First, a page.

Our profession requires deep thinking and empathy to do our job well, so how do we turn this off? How do we as professionals not let ourselves be overridden by the people we couldn't help? Instead of losing sleep over the lack of progress of our patients, we should strive to keep a positive attitude and look at the situation objectively, not emotionally. But how do we do that?
First, we need to consider our treatment plan.
Every visit should be an ongoing assessment. Is the patient responding to the treatment as you predicted? Two patients with the same demographics and diagnoses may need totally different treatment plans. Often, when progress is not being made there is 1 small component that we've missed.
Remember, even though it may seem tedious to test multiple joints, upper-motor neuron signs, and use multiple special tests, this makes it less likely to miss something. Look at each patient with a discerning eye at every visit. Let every exercise be an evaluation. You may notice something in their movement pattern that will key you in to an impairment you did not realize was there.
The next thing to ask yourself when you feel like you've hit a wall is are you using the tools at your disposal.
These tools aren't always physical things that you have in the clinic. The tools also may be other clinicians around you. Sometimes a fresh set of eyes can see something we've missed. Another therapist may have had an experience with a patient that would shine a light on your patient. Also, remember that sometimes a patient may just not connect with certain personality types.
As competitive as we all are, it can be hard to admit that we may not be the best person to see a particular patient. They may respond better to a different person, simply because of who they are. It is never a negative reflection on you. Each of us have different strengths, and those strengths help us to make connections with people and affect the way the patient buys into what we are giving them.
Buy in is incredibly important to the patient.
It does not matter what you do for them, if they don't believe what you are doing will help them, it won't. It is important to set clear expectations with the patient early on to let them know what they can expect from treatment. If they have factors that may make the course of their treatment different than the average, tell them. In your initial evaluation, give the patient an idea of what the treatments will be like, and most importantly, why. The average person may not understand why we would be doing hip strengthening for an ankle sprain. To them, the treatment may seem misplaced and they can easily become discouraged.
If the patient's attitude about therapy is positive, it is more likely your results will be too.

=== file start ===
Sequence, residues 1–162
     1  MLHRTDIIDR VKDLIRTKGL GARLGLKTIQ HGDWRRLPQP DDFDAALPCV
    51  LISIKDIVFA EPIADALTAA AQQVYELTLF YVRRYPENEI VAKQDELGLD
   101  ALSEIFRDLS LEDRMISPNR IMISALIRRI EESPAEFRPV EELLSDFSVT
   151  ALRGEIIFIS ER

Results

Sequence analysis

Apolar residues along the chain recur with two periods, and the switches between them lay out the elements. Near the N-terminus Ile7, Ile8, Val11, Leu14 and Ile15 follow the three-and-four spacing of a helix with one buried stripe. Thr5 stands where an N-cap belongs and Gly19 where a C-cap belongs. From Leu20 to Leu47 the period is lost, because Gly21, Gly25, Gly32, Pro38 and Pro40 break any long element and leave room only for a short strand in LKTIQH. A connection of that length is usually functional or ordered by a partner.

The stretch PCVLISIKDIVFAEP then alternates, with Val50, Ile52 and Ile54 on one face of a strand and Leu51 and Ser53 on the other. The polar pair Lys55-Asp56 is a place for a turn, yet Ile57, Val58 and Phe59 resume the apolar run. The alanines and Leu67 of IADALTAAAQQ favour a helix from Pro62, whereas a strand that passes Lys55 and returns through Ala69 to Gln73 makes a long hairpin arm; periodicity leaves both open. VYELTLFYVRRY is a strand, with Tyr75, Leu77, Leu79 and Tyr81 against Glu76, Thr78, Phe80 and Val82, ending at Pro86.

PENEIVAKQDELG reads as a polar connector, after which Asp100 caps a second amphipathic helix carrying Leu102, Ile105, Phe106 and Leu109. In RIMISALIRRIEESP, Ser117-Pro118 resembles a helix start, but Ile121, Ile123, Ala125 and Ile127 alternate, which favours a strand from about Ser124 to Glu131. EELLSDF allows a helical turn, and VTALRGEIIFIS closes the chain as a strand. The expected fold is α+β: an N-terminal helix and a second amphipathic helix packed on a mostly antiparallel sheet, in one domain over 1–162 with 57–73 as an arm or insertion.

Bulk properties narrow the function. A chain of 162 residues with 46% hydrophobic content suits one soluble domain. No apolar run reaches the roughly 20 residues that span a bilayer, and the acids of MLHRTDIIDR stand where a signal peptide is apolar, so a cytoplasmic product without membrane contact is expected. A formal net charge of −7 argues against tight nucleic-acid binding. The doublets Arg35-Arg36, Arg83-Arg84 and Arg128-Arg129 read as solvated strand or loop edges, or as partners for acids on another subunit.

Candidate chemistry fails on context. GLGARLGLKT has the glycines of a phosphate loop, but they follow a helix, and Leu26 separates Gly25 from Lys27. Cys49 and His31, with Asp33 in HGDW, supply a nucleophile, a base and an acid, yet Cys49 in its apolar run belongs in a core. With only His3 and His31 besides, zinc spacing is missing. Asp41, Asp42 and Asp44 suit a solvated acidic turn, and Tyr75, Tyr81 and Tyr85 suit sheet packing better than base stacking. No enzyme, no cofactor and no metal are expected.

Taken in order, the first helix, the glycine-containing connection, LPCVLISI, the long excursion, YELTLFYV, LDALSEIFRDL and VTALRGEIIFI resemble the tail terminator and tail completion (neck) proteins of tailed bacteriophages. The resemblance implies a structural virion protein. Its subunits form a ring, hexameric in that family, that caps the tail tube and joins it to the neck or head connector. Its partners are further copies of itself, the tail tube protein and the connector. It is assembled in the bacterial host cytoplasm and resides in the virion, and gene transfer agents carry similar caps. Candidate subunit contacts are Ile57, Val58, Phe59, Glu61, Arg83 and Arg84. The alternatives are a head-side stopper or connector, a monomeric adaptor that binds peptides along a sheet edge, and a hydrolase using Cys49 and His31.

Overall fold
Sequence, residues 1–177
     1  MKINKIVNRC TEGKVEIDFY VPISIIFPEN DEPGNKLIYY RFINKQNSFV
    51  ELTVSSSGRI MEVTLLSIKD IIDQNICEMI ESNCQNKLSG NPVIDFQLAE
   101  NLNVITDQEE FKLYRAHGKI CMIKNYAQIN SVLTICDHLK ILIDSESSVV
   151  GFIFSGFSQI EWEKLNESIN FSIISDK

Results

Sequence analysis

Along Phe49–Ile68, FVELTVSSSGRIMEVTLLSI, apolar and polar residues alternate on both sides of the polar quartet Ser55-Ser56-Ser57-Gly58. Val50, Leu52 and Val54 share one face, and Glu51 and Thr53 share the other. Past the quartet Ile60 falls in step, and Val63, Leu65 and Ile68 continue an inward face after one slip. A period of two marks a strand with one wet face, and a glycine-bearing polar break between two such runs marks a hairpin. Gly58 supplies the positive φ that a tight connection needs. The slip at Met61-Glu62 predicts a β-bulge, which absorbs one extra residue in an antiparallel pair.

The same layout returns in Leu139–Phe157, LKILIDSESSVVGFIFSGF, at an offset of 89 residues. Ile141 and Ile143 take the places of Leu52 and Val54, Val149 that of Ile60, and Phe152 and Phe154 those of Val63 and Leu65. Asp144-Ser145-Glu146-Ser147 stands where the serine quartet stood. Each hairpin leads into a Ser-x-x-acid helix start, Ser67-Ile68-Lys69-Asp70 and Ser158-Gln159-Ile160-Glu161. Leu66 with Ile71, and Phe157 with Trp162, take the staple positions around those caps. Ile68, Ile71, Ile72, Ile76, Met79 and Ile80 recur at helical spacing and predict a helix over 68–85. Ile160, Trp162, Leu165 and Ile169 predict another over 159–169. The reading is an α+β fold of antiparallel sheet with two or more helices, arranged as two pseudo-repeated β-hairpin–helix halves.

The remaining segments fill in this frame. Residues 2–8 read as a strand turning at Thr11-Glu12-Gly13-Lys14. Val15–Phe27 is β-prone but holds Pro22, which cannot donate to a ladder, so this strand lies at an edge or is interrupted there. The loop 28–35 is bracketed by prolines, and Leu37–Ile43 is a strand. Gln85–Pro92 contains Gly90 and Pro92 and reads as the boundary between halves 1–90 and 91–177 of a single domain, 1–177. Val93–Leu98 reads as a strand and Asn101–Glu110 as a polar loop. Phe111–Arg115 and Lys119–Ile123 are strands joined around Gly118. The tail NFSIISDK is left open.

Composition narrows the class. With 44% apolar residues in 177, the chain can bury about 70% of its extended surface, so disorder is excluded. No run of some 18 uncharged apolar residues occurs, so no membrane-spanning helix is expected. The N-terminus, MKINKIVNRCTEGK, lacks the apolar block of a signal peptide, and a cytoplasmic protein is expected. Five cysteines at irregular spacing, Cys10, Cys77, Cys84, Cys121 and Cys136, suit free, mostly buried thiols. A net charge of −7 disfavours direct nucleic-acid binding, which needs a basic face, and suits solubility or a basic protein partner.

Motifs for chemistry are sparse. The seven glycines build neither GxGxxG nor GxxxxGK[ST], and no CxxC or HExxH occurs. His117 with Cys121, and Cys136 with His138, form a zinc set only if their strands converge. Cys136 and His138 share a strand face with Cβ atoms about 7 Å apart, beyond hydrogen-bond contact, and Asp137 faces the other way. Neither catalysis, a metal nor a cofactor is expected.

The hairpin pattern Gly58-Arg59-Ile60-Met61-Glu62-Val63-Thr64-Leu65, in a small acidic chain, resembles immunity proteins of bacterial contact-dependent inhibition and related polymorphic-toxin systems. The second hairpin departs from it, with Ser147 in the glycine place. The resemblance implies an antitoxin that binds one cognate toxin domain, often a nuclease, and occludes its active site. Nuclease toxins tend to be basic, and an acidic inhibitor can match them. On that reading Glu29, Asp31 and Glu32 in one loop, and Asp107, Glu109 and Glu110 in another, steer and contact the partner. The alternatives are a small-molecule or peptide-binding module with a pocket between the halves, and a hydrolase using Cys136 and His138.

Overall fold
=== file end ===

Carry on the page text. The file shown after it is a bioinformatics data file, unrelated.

Lastly, there is one resounding truth that we all have to accept: physical therapy cannot help everyone in every circumstance. If it could, there would be no other treatments.
I can specifically remember the first time someone told me this. I was in my first year of practice and a patient was taken away from me by their physician and sent to their in-house therapist. I was devastated. I felt like I had failed my patient, failed my employer, and in that one moment, felt all of my confidence slip away.
A senior therapist pulled me aside and let me in on this truth. We have to remember that there are circumstances out of our control. We can do everything right, we can try every tool and resource at our disposal, and the patient simply may not respond. There are a variety of things to keep in mind that research tells us can negatively affect treatment. What is the time between onset of symptoms and beginning therapy? Is there secondary gain at play? Are there lifestyle factors negatively impacting treatment? Is the patient compliant with their program? Is the impairment we are treating simply beyond what therapy can help? Any of these factors can affect your treatment, regardless of what wonderful treatment you provide.
In life, not just in therapy, we must keep our focus on our successes and use our failures to learn and grow. Every patient who we feel we have failed carries a lesson. Taking those lessons and using them as opportunities are what make an excellent therapist.
Michelle Jones Landry, PT, DPT, is currently practicing at Melanie Massey Physical Therapy in West Monroe, Louisiana. You can find Michelle on Facebook or Instagram at: @michellelandry12.
Finding Your Niche
Estimated Reading Time: 4 minutes
Today, I am the proud owner of my very own private practice, Girl Fit Physical Therapy and I'm working with a patient population and in a setting that I have a passion for. That's today, though. It wasn't always that way.